The surname Echesoomb was first used in the Scottish/English Borderlands by an ancient Scottish people called the Strathclyde- Britons
. It was a name for someone who lived in Berwickshire.
Early Origins of the Echesoomb family
The surname Echesoomb was first found in Berwickshire
an ancient county of Scotland
, presently part of the Scottish Borders Council Area, located in the eastern part of the Borders Region of Scotland, where one of the first records of the name was Johannes filius
Ade was a "custumar" of North Berwick in 1384 and later appears as John Atkynsoun in 1387. CITATION[CLOSE]
Black, George F., The Surnames of Scotland Their Origin, Meaning and History. New York: New York Public Library, 1946. Print. (ISBN 0-87104-172-3)
Early History of the Echesoomb family
This web page shows only a small excerpt of our Echesoomb research.Another 67 words (5 lines of text) covering the years 1408, 1563, 1552, 1558, 1580, 1634, 1621, 1628, 1580, 1634, 1000, 1611, 1638, 1629, 1685, 1657, 1657, 1655, 1701, 1695, 1699, 1695, 1688, 1748, 1727, 1748 and 1728 are included under the topic Early Echesoomb History in all our PDF Extended History products and printed products wherever possible.
Echesoomb Spelling Variations
Spelling and translation were hardly exact sciences in Medieval Scotland
. Sound, rather than any set of rules, was the basis for spellings, so one name was often spelled different ways even within a single document. Spelling variations
are thus an extremely common occurrence in Medieval Scottish names. Echesoomb has been spelled Acheson, Acherson, Atcherson, Aitcheson, Aitchison, Atcheson, Achison and many more.
Early Notables of the Echesoomb family (pre 1700)
Another 46 words (3 lines of text) are included under the topic Early Echesoomb Notables in all our PDF Extended History products and printed products wherever possible.
Migration of the Echesoomb family to Ireland
Some of the Echesoomb family moved to Ireland
, but this topic is not covered in this excerpt.Another 183 words (13 lines of text) about their life in Ireland is included in all our PDF Extended History products and printed products wherever possible.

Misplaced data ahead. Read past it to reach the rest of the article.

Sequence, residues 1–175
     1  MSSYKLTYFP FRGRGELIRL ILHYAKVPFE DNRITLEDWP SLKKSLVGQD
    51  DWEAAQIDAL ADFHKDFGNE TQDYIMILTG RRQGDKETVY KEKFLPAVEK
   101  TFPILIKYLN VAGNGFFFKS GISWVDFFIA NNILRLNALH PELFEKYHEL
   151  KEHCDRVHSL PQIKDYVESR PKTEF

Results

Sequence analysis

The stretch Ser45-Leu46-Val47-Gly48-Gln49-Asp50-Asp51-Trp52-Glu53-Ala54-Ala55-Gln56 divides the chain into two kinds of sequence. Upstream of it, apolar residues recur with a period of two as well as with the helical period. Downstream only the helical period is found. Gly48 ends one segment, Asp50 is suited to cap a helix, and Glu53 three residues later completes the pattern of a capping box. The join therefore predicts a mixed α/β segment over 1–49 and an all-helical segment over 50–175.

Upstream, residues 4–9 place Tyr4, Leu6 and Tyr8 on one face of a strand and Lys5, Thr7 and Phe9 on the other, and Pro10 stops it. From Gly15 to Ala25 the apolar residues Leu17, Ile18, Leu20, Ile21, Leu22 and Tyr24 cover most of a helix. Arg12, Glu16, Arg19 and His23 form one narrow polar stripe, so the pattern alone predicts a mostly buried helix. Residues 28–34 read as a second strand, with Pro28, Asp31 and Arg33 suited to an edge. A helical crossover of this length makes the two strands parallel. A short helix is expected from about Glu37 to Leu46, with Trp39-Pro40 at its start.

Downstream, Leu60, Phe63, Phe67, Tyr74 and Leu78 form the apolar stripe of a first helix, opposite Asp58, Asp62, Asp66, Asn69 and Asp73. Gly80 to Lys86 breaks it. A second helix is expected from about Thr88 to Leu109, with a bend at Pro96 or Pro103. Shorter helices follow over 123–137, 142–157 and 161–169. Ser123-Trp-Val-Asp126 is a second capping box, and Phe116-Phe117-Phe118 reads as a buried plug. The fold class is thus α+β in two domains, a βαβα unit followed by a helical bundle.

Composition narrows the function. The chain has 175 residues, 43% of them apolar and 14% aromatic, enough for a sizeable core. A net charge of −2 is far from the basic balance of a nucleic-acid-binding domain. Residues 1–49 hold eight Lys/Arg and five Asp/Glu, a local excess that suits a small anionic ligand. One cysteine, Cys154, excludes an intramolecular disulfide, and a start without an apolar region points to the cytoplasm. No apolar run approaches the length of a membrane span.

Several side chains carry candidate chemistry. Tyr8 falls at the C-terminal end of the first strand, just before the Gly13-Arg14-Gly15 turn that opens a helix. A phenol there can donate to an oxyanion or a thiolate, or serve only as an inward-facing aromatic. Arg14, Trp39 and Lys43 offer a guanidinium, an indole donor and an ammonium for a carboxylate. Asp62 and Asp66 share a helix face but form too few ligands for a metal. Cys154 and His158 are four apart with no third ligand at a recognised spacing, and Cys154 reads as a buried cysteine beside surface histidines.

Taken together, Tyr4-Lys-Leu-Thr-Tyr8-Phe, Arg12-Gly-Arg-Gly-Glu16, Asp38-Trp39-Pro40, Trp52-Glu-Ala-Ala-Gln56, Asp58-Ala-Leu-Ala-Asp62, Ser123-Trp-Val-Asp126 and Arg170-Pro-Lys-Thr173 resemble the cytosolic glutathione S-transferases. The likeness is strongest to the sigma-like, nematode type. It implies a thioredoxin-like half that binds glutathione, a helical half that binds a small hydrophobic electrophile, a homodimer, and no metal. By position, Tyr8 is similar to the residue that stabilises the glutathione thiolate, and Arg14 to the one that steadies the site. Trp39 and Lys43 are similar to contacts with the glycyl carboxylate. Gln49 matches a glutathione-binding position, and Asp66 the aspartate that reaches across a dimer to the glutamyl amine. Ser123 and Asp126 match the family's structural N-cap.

Migration of the Echesoomb family to the New World and Oceana
Such hard times forced many to leave their homeland in search of opportunity across the Atlantic. Many of these families settled along the east coast of North America in communities that would become the backbones of the young nations of the United States and Canada. The ancestors of many of these families have rediscovered their roots in the 20th century through the establishment of Clan
societies and other patriotic Scottish organizations. Among them: William Aitchison who settled in Colchester county, Nova Scotia in 1875; Andrew Aitchison who settled in Niagara, Lincoln county Ontario in 1852; Thomas Acheson who settled in Philadelphia, Pennsylvania in 1798.
The Echesoomb Motto
The motto was originally a war cry or slogan. Mottoes first began to be shown with arms in the 14th and 15th centuries, but were not in general use until the 17th century. Thus the oldest coats of arms generally do not include a motto. Mottoes seldom form part of the grant of arms: Under most heraldic authorities, a motto is an optional component of the coat of arms, and can be added to or changed at will; many families have chosen not to display a motto.
Motto: Ane chast arbor
Motto Translation: One pure tree.
Echesoomb Family Crest Products
- ^ Black, George F., The Surnames of Scotland Their Origin, Meaning and History. New York: New York Public Library, 1946. Print. (ISBN 0-87104-172-3)